Amazon Retakes Retailing Award For Innovation And Share Growth

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Twelve years ago when

entered the CE business — carrying some major brands that denied they had shipped the online retailer — brick-and-mortar competitors saw it and all e-tailers as the end of CE retailing as they knew it.

Well, in the dozen years since, plenty of brickand- mortars got their own websites that do online sales … which probably gave more than a few a false sense of security.

Plenty more brick-and-mortars, and late 1990s e-tailers, are gone. Some expired due to competition or lousy business plans or, in recent years, the sour economy.


has survived and thrived in the CE business, making even CE giants like Best Buy and Walmart turn around and take notice, because it has continued to innovate and get even closer to its customers, knowing their wants and needs — and all without a storefront.

CE retailing has changed, with shopping online being second nature to consumers now. Amazon can be credited as starting the online shopping phenomenon, and enhancing it incrementally with a vast selection of products, ease of use, great prices, reliable shipping … and no sales taxes, but more on that later.

The brainchild of founder Jeff Bezos has taken CE retailing by storm, especially in the past 18 months. The TWICE Top 100 CE Retailers Report showed sales in calendar year 2010 growing an astronomical 72 percent to $7.9 billion, trailing only Best Buy, Walmart and Apple, landing it in fourth place.

More recently, Amazon reported CE sales and other general merchandise grew 67 percent in North America during the second quarter, ended June 30, to $3.5 billion.

In a statement accompanying the financial, CEO Bezos said low prices, expanding selection, fast delivery and innovation are fueling “the fastest growth we’ve seen in over a decade.”

Amazon’s CE sales were only enhanced during the quarter due to innovations like the Kindle e-reader. The company’s $139 3G version, with AT&T-sponsored screensavers, is currently its best-selling model, Amazon said.

If you talk to consumers, you’ll find out why. In a TWICE Special Report on Amazon this summer (July 5, p. 20), we quoted a survey released by the Consumer Electronics Association (CEA) and The Stevenson Company’s TraQline shopper surveys. Amazon’s share of total CE dollars spent rose 27.5 percent over the 12-month period, ended March 31, to 5.1 percent, compared with a 0.7 percent decline in share for Best Buy and essentially flat results for Walmart during the same period.

The survey showed that driving the traffic are price, selection and shopping experience — the top motivations of consumers for purchasing their electronics where they do. Amazon was tops in all three areas.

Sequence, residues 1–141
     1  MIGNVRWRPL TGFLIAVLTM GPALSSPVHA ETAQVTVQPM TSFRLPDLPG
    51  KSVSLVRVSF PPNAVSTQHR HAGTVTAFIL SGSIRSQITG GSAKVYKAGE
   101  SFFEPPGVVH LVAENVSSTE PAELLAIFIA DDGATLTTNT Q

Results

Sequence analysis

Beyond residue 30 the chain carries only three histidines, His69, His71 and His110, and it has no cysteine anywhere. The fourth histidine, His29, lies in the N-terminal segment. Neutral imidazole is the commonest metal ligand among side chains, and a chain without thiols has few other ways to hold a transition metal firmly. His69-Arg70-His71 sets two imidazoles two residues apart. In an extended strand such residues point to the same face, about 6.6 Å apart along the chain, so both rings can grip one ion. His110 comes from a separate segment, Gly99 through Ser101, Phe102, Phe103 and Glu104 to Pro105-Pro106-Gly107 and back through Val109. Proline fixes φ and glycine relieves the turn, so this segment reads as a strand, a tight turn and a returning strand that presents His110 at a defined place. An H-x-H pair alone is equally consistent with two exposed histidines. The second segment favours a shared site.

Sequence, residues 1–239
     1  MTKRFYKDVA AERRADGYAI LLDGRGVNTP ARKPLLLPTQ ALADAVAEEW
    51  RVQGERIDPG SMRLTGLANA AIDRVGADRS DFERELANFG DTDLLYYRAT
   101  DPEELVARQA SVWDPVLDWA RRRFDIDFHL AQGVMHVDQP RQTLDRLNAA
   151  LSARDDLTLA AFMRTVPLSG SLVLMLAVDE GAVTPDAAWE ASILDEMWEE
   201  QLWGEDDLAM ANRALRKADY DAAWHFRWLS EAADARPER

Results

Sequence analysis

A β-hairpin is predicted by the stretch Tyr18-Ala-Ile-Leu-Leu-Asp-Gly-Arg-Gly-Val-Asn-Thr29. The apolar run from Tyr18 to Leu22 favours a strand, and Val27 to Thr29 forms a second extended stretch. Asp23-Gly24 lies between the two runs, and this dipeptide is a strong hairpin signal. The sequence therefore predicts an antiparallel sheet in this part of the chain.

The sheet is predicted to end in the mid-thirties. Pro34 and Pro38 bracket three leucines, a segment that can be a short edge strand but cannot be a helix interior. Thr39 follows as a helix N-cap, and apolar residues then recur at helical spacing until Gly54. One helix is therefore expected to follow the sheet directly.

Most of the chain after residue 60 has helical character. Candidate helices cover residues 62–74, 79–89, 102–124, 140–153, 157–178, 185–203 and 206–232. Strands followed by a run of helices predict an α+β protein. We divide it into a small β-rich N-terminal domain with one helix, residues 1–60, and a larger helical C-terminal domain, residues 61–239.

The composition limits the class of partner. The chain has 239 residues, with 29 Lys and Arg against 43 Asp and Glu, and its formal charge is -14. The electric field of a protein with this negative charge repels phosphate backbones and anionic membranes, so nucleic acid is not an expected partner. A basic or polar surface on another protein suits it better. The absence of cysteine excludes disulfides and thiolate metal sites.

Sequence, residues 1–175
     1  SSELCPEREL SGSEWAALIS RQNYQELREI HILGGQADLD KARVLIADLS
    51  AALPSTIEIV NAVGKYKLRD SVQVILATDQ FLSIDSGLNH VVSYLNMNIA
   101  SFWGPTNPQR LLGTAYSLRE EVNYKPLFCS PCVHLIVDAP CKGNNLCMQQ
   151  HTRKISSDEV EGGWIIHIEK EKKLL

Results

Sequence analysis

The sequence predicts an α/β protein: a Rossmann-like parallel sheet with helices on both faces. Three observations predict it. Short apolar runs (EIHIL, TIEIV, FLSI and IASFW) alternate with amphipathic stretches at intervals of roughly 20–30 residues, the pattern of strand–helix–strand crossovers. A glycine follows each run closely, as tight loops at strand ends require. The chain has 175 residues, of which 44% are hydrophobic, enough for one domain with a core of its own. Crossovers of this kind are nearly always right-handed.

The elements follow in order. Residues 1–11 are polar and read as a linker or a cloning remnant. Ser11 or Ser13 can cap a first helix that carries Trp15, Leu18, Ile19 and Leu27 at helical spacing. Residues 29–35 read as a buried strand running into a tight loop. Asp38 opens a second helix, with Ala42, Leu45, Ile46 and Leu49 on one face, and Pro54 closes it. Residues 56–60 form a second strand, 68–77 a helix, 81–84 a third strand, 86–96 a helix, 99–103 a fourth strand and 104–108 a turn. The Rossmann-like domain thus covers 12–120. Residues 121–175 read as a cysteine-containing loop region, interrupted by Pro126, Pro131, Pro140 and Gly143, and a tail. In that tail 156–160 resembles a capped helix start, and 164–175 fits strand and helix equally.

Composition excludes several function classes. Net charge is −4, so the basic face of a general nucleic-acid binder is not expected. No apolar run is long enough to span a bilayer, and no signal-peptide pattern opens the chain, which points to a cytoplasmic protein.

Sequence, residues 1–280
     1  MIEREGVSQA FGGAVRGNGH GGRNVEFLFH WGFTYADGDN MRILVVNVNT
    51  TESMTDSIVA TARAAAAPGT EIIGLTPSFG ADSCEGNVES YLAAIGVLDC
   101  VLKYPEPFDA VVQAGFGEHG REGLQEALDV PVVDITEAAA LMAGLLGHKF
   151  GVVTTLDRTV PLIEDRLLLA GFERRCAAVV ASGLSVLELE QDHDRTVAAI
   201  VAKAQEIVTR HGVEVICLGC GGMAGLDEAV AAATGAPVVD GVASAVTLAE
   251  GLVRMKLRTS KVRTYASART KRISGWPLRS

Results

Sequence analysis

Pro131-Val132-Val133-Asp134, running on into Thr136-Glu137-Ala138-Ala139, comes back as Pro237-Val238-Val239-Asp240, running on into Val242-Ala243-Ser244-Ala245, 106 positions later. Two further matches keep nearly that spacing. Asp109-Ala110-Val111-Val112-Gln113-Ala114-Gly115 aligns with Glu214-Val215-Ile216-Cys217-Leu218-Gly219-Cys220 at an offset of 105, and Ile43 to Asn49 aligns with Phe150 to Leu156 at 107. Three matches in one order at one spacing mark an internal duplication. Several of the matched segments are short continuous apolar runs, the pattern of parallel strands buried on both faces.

And the survey indicated that the ability to shop any brick-and-mortar — Best Buy, Walmart, Target — and perform price comparisons with a smartphone app is a dramatic new element in the battle for CE market share, profitability and dominance.

Amazon is continuing to innovate. The online retailer is optimizing its website for tablet PCs, according to reports last month that were ripe with details of a supposed new streamlined design that has a larger search bar, fewer buttons, and positions digital content ahead of physical merchandise on the home page.

All of this makes sense since tablets, along with smartphones, are the two hottest CE products of 2011, and Amazon introduced its own tablet, the Kindle Fire last week.

While many in the CE industry and even its key rivals acknowledge Amazon’s savvy online innovations, many see its refusal to collect and pay state sales taxes nationwide as, at best, the key to its recent growth spurt, and, at worst, a terribly unfair advantage.

In a statement issued to TWICE in late July when it released its most recent quarterly financial, an Amazon spokesperson said, “We collect sales tax or its equivalent in more than half of the areas where we do business, and our business is thriving in those areas.”

Still, Amazon has fought sales tax legislation in numerous states, opting instead to back a national approach.

A long-anticipated plan to streamline state and local tax collection on e-commerce sales was introduced into the House and Senate during this past summer of budget and deficit debacles in Washington. Passage of the Democrat-backed legislation remains uncertain, as do many other issues facing the nation.

The bill would certify the Streamlined Sales and Use Tax Agreement, a comprehensive interstate system to harmonize and simplify sales tax rules and administrative requirements that has been adopted by 24 states, but requires congressional approval under the Supreme Court’s 1992 “Quill” decision.

Amazon supports the bill, along with plenty of retail groups, including the National Retail Federation (NRF) and the Retail Industry Leaders Association (RILA), as well as individual retailers.

More recently, Amazon has agreed to begin collecting sales tax in California in one year. But if national legislation ever does get passed, CE retailing rivals will find out how much of Amazon’s market clout comes from its tax advantage and how much is due to the innovations it has fostered in online retailing.


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